The bloc’s most senior officials got together ahead of the so-called high-level meeting with the Prime Minister to discuss their strategy. European Commission President Ursula von der Leyen said Brussels would be ready to negotiate around the clock in order to strike a Brexit deal with Britain. Writing on Twitter, the top eurocrat said: “The EU is ready to intensify the talks, we are available 24/7.
“Let’s inject fresh momentum into the negotiations.”
Council President Charles Michel and Parliament President David Sassoli will also attend the virtual talks later this afternoon.
They have heeded warnings from Downing Street that the UK expects a deal to be concluded before the autumn.
A UK Government spokesman said: “The high-level meeting was always envisaged as a moment to push the negotiations forward.
“We now need to get this resolved and deliver certainty for businesses at home and in the EU as soon as possible.”
The two sides are still both at loggerheads over future access to Britain’s fishing waters, the regulatory level-playing field and a future role for the European Court of Justice.
But UK sources are hopeful they can strike up a “political understanding” with the bloc as negotiating efforts are ramped up in the coming weeks.
Amid threats of no deal from Mr Johnson, Brussels has accelerated its own preparations for a new relationship based on WTO terms.
Nathalie Loiseau, a former French Europe minister to Emmanuel Macron, told the Today programme: “We are ready either for an agreement or no deal and we are getting prepared more activity to a no deal considering the circumstances.”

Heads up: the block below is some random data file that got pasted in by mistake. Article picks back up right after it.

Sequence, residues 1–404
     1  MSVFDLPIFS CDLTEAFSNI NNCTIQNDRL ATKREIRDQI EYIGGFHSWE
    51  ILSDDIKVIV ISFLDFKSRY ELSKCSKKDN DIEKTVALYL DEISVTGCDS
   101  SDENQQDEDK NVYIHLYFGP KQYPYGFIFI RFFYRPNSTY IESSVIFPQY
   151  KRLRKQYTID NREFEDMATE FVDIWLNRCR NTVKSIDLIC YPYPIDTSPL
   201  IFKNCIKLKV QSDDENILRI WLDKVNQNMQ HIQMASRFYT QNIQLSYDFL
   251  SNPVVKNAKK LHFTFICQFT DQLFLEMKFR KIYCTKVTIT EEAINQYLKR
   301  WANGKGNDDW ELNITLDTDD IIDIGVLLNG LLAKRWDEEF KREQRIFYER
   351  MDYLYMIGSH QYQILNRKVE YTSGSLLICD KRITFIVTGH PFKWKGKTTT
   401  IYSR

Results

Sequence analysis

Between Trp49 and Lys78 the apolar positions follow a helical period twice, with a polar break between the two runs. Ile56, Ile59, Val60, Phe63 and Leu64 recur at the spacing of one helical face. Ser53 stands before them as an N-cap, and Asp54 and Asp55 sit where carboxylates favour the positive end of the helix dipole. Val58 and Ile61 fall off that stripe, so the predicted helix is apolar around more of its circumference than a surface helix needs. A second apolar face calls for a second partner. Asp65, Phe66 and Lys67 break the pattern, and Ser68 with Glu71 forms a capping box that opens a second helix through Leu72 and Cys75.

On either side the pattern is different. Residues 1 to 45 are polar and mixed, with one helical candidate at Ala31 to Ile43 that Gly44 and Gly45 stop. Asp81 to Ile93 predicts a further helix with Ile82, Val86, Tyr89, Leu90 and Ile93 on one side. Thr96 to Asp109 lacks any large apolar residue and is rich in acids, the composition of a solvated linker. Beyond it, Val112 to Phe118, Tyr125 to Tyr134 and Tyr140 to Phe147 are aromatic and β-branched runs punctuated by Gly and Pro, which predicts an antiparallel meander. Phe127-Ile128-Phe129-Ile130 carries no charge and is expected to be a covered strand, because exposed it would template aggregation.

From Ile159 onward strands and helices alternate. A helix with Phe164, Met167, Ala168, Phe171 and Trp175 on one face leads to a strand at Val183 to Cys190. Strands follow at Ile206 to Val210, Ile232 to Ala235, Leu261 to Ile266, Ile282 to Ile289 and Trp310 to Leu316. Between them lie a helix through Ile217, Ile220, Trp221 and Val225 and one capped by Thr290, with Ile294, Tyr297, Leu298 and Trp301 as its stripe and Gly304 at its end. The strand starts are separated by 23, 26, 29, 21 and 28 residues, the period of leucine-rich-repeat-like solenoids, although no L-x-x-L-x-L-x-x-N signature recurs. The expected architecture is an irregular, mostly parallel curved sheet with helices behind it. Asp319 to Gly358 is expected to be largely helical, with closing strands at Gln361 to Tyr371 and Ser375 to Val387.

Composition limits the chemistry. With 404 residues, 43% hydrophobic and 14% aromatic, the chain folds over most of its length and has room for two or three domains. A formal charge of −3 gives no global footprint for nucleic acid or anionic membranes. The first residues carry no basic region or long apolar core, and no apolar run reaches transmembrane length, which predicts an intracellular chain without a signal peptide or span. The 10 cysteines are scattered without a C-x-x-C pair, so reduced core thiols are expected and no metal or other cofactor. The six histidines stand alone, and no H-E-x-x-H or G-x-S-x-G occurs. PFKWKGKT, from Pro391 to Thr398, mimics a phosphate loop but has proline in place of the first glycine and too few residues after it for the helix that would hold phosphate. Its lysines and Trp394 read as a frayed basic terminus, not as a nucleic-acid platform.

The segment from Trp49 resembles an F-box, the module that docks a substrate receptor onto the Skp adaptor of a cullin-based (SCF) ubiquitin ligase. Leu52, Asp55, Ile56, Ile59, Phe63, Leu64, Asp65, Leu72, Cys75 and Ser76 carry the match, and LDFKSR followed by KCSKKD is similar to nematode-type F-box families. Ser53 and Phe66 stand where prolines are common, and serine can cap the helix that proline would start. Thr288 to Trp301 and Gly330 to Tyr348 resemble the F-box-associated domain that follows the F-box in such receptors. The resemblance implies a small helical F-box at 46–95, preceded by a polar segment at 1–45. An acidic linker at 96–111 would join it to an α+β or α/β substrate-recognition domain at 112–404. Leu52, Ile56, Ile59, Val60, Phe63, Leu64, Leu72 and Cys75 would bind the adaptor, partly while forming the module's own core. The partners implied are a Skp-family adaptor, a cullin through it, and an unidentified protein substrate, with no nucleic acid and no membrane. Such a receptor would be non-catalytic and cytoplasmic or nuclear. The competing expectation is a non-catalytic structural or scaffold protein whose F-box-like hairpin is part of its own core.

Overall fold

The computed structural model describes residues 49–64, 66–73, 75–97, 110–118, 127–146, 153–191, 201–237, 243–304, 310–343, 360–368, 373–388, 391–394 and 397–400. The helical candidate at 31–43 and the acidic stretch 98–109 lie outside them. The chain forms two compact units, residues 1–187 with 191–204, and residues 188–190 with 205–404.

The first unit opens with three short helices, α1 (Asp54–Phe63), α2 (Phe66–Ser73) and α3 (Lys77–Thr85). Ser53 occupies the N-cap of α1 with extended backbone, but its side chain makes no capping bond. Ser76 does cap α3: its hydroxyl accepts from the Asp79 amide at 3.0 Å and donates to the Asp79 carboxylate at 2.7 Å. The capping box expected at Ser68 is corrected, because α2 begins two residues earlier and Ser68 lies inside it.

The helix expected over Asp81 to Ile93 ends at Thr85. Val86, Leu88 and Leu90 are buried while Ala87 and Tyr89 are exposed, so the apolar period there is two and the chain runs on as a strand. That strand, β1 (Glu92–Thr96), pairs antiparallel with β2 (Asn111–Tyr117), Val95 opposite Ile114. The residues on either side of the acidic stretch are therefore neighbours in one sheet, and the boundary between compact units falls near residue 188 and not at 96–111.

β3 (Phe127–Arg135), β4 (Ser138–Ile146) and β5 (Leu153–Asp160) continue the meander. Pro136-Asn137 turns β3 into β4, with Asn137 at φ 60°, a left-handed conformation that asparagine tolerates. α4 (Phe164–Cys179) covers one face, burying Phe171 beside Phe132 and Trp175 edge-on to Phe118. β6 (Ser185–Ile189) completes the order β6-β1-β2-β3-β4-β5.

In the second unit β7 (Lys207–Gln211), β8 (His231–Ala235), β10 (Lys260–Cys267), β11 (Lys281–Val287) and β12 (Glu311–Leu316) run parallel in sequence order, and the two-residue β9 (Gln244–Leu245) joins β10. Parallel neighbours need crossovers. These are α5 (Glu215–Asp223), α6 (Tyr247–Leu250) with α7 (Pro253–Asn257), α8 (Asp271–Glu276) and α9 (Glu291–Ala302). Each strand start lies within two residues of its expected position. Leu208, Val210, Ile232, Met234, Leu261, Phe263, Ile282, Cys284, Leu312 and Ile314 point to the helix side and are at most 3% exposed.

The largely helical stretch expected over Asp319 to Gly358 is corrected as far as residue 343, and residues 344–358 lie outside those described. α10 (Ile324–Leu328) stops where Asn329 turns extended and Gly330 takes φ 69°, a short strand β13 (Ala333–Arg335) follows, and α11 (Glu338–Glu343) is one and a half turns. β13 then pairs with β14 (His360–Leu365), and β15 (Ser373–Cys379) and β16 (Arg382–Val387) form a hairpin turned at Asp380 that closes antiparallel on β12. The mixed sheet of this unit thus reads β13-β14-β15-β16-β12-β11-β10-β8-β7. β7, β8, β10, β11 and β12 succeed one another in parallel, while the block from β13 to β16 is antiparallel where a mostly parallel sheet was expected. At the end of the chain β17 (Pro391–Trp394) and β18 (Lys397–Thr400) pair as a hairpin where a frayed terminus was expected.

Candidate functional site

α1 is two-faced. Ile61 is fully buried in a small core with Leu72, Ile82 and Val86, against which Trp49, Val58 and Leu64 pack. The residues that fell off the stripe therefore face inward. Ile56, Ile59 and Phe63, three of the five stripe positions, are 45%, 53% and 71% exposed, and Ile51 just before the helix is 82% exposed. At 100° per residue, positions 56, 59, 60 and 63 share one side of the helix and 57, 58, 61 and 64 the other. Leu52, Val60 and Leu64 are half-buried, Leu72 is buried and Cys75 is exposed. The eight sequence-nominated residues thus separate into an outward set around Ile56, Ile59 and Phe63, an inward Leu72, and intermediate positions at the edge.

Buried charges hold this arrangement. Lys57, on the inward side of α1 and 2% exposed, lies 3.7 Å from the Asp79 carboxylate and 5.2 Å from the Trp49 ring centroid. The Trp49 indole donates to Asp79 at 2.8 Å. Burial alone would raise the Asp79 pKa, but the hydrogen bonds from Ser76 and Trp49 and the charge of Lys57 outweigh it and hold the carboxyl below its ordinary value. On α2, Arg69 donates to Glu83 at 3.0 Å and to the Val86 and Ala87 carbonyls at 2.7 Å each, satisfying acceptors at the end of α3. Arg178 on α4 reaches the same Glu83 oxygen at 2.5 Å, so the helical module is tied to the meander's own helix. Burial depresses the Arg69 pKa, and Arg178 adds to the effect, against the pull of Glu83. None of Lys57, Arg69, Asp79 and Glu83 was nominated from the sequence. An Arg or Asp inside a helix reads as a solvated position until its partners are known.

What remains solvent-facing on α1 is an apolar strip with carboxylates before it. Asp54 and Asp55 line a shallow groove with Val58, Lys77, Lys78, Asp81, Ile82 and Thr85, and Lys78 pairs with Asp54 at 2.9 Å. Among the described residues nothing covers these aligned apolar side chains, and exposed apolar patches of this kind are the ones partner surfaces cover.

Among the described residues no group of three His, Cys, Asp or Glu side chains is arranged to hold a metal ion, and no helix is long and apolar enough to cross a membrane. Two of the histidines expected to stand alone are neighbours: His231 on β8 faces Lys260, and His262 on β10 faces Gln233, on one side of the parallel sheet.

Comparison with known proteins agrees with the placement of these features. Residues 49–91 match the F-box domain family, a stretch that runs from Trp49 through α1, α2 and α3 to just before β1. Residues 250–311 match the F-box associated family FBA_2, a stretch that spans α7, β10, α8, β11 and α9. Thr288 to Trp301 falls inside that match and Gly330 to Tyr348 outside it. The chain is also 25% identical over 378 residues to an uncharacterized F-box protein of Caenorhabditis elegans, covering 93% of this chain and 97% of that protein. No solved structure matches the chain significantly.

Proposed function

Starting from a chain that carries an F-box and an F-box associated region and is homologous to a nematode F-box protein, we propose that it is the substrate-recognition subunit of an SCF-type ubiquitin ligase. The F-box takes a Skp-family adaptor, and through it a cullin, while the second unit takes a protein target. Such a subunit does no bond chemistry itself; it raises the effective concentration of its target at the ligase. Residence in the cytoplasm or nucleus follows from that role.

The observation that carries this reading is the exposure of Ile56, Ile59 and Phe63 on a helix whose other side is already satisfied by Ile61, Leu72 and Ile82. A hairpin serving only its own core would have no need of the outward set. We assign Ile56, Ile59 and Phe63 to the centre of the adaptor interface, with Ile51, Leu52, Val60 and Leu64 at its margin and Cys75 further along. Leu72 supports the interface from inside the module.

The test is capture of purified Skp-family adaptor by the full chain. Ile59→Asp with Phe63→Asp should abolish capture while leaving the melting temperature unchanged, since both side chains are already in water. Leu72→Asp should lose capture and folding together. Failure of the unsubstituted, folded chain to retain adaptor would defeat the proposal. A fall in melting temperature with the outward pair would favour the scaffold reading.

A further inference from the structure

The Prime Minister still wants a deal that maintains tariff-free access to EU markets but has declared the country has nothing to fear by trading on Australian-style terms with the bloc.
The WTO has backed the UK and EU to conclude a deal before the end of the year.
Its director-general Roberto Azevedo told the BBC there was a “good chance that agreement will be reached”.
He added: “It’s going to be tough; there was never any doubt about that. But if the political will is there, if people realise that a no-deal scenario is much less than optimal, I’m pretty confident that negotiators could do this in a reasonable way with a reasonable time frame.”
The WTO has forecast that global trade could slump by a third because of the coronavirus pandemic.
Mr Azevedo said: “The less disruption the better, the less turbulence the better, and less turbulence is the closest to where you were before. So if you can maintain the degree of integration and relationship that you had before Brexit, it is less traumatic than if you have to go to WTO terms.”
He said world trade terms were “not a catastrophe” but warned they “will impose a number of adjustments and those can be painful, particularly for some sectors”.
Published at Mon, 15 Jun 2020 10:35:00 +0000